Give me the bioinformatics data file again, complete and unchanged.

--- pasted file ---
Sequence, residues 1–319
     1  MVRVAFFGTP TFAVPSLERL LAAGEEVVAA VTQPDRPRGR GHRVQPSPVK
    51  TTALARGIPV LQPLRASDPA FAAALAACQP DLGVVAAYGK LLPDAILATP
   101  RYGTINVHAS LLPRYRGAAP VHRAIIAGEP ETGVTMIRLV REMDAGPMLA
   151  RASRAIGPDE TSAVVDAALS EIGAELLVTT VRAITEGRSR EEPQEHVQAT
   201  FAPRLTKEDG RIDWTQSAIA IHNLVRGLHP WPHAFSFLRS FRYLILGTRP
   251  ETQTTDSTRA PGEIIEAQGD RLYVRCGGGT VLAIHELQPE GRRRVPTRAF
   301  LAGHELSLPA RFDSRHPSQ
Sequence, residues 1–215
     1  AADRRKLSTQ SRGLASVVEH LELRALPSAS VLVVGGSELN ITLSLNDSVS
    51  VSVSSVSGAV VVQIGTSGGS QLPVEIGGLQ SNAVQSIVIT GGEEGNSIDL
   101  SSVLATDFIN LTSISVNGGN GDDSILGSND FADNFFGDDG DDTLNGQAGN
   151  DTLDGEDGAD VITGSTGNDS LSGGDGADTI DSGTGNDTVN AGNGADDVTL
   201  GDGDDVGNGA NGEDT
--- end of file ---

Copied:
Sequence, residues 1–319
     1  MVRVAFFGTP TFAVPSLERL LAAGEEVVAA VTQPDRPRGR GHRVQPSPVK
    51  TTALARGIPV LQPLRASDPA FAAALAACQP DLGVVAAYGK LLPDAILATP
   101  RYGTINVHAS LLPRYRGAAP VHRAIIAGEP ETGVTMIRLV REMDAGPMLA
   151  RASRAIGPDE TSAVVDAALS EIGAELLVTT VRAITEGRSR EEPQEHVQAT
   201  FAPRLTKEDG RIDWTQSAIA IHNLVRGLHP WPHAFSFLRS FRYLILGTRP
   251  ETQTTDSTRA PGEIIEAQGD RLYVRCGGGT VLAIHELQPE GRRRVPTRAF
   301  LAGHELSLPA RFDSRHPSQ
Sequence, residues 1–215
     1  AADRRKLSTQ SRGLASVVEH LELRALPSAS VLVVGGSELN ITLSLNDSVS
    51  VSVSSVSGAV VVQIGTSGGS QLPVEIGGLQ SNAVQSIVIT GGEEGNSIDL
   101  SSVLATDFIN LTSISVNGGN GDDSILGSND FADNFFGDDG DDTLNGQAGN
   151  DTLDGEDGAD VITGSTGNDS LSGGDGADTI DSGTGNDTVN AGNGADDVTL
   201  GDGDDVGNGA NGEDT